Eminent global voices top Spier Poetry Festival line-up
Twelve international poets have arrived for the Spier Poetry Festival. Although widely applauded and heavily accoladed, most will be new to South African readers. Translations of their works are still hard to come by, despite the digital age.
Curator of the poetry festival, Breyten Breytenbach, has selected a mix of eminent global voices, several of whom are activists in culture, ecology or politics, and whose lives have often involved exile and dislocation.
The line-up includes Homero Aridjis, the Mexican poet, novelist, environmental activist and diplomat; Chinese writer Duo Duo, one of the celebrated Misty poets; the young Russian-American star Ilya Kaminsky and Nimrod from Chad.
Duo Duo meaning “too much, too much” is the pen name for Li Shizheng, a Chinese poet born in Beijing in 1951.
After the Tiananmen Square massacre in 1989, he chose not to return to China, and instead lived in the West. In 2004, he went back, to Hainan Island to take up a teaching post at its university. His works translated into English include: Looking Out from Death – From the Cultural Revolution to Tiananmen Square and The Boy Who Catches Wasps.
Sent to a farm at the age of 15 for “re-education” during the cultural revolution, Duo Duo would ultimately become known as a frontrunner and leading exponent of the Misty Poets. But he says: “It is not like art, like surrealism or expressionism. All the poets were different; there wasn’t a movement. They merely belonged to the same generation.
“I guess that was a special time in history, this bloody revolution.
“It was very cruel, and I was young, just 15 years old … You go to the countryside to be a farmer, to work. We knew nothing. No education ... We had paper and pen – that was all.
Another poet who knows dislocation is Nimrod Djangrang Bena, born in Chad. A poet, novelist and essayist, living in France, he teaches philosophy. In 2008, he received the Édouard Glissant Prize.
Asked why so many African poets leave the continent Nimrod says, “Of course, when you have such horrible countries as Chad. The war started there in 1963 … I went to Côte d’Ivoire for my studies. Because Chad would have meant death. Cesair and Senghor, neither wrote their great works in Senegal or Martinique, but in France.”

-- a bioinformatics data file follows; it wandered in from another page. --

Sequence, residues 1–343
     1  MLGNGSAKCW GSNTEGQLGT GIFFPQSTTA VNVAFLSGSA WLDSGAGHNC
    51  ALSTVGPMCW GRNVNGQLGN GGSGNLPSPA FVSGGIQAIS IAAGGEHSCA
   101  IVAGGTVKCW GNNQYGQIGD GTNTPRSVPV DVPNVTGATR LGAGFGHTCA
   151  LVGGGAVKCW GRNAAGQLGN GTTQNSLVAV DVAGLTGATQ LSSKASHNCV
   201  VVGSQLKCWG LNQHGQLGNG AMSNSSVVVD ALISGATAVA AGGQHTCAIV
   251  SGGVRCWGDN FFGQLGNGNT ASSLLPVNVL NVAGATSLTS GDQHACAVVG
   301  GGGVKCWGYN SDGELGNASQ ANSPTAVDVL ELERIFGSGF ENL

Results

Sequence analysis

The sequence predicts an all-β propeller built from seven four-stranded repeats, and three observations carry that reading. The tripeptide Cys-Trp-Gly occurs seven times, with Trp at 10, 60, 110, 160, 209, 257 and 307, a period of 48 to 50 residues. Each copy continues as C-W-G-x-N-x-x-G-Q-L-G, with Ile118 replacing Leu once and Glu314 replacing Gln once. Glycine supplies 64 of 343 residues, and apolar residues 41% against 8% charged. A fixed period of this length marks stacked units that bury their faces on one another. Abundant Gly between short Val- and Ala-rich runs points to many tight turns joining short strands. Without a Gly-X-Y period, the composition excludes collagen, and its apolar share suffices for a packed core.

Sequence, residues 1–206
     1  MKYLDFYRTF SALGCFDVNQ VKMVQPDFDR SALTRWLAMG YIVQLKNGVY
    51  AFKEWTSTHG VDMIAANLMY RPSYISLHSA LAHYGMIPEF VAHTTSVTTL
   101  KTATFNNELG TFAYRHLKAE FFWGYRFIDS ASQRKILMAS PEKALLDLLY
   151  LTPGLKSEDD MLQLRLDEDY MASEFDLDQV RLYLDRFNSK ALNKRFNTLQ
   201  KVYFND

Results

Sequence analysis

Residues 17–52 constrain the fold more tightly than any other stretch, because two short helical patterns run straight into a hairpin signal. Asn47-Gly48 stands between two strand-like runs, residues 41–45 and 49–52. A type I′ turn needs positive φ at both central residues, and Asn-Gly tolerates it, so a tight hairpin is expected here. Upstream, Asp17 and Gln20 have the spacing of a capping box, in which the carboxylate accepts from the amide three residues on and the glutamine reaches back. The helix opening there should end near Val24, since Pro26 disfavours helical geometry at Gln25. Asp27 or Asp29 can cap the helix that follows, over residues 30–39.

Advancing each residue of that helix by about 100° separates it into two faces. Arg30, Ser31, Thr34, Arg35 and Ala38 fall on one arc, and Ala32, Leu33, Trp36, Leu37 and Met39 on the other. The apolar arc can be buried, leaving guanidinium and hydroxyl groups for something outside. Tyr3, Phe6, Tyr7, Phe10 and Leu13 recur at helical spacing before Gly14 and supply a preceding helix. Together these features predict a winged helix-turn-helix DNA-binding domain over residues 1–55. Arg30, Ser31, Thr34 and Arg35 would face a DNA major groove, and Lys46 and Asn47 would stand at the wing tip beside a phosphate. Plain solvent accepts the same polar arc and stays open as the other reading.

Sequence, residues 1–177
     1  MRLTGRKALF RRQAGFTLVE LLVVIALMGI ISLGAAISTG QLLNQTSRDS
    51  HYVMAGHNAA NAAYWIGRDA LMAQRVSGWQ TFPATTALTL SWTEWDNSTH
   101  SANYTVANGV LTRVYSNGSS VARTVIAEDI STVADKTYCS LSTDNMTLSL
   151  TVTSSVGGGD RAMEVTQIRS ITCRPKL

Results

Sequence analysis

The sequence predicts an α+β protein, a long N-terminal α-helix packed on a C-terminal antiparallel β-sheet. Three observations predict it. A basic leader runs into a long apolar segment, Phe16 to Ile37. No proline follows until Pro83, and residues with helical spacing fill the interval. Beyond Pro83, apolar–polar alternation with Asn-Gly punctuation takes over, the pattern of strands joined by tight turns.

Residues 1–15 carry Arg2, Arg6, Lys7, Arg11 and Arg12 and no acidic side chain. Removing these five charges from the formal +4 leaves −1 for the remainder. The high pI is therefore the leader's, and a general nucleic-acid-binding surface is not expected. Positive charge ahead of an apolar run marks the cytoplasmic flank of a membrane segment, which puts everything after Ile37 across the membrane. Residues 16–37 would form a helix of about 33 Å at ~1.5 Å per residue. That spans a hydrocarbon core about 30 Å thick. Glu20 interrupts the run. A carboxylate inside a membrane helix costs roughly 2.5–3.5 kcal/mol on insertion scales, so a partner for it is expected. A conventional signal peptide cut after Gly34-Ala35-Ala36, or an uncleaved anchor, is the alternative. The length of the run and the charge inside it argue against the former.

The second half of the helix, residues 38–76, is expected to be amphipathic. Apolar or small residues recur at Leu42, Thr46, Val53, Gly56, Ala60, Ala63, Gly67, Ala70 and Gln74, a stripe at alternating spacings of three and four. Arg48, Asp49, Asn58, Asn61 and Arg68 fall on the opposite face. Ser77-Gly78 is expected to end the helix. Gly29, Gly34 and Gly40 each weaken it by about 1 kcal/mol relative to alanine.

On the trend for young black South African poets to embrace spoken word, rap and hip-hop rather than written poetry, Nimrod holds MC Solaar up as an example young poets might take lessons from. “Solaar,” he says, “read a lot. His words are precise. You can hear Verlaine, Baudelaire, Gainsbourg. I don’t understand the rhythms of [some] rap, it’s like musicians who have no clear ear. Generally, a song is an eight syllable line, or six, not an Alexandrine. Many rappers’ lines exceed the normal rhythm and length to comprehend. But MC Solaar is very clear, you can understand him.”
Also appearing at the festival is the rising star, Ilya Kaminsky. He was born in Odessa in the former Soviet Union in 1977. His family moved to the United States in 1993. Kaminsky’s poems have been translated and published in Holland, Russia, France and Spain and his poetry collection, Dancing in Odessa, won many awards including the American Academy of Arts and Letters’ Metcalf Award, the Dorset Prize, and was named Best Poetry Book of the Year 2004 by ForeWord Magazine. He co-founded Poets for Peace, which sponsors poetry readings across the globe to support relief work.
Asked about the importance to his work of his Jewish roots, Kaminsky says, “I’m more a Yiddish Jew, far more cultural than religious. I’m a believer, but not in organised religion. If you ask me if I believe in God, I’ll say, yes. If you ask me to describe it, I’ll struggle … My Jewishness comes from growing up in a Russian school and being beaten in the face because you’re a Jew – that’s how you know. So it was more about snowballs than matzo balls.”
The current crisis in his birth city and the Ukraine he finds hard to accept. “People were always friendly. It was not a fighting town,” explains Kaminsy. “It was the biggest international city in the whole empire, and the Soviets wanted to calm that down, so it became the humour capital of the Soviet Union. April Fool’s Day was a holiday in Odessa; the schools closed, we celebrated. In that kind of place, you never picture shooting from rooftops. I still think now the war is a conflict from outside. People spoke both languages [Russian and Ukrainian] for hundreds of years … I think it is the oligarchs fighting for business. They make it about language [but it’s not]. It’s an artificial and political question. That’s sad for me.
The Spier Poetry Festival runs from May 9 to 10. For more information phone (021) 809 1100 or visit www.spierpoetryfestival.co.za